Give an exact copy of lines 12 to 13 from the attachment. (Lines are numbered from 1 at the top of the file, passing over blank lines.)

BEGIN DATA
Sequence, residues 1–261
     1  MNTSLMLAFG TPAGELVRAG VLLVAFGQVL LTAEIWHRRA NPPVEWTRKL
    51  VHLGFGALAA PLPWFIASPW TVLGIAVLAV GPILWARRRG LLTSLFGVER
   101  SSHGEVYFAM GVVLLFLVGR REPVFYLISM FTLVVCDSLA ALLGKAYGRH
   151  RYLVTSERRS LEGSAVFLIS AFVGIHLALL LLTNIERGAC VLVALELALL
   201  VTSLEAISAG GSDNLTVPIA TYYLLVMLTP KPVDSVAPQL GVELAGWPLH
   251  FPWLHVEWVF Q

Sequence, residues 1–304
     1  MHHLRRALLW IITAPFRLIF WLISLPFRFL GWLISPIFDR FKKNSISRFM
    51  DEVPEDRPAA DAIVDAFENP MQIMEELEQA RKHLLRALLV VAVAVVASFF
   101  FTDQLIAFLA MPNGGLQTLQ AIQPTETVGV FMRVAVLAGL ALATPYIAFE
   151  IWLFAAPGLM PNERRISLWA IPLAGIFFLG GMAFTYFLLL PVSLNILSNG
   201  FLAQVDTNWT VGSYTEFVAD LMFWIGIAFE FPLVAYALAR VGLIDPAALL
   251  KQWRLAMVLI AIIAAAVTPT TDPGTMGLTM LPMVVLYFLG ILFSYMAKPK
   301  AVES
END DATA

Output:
   151  IWLFAAPGLM PNERRISLWA IPLAGIFFLG GMAFTYFLLL PVSLNILSNG
   201  FLAQVDTNWT VGSYTEFVAD LMFWIGIAFE FPLVAYALAR VGLIDPAALL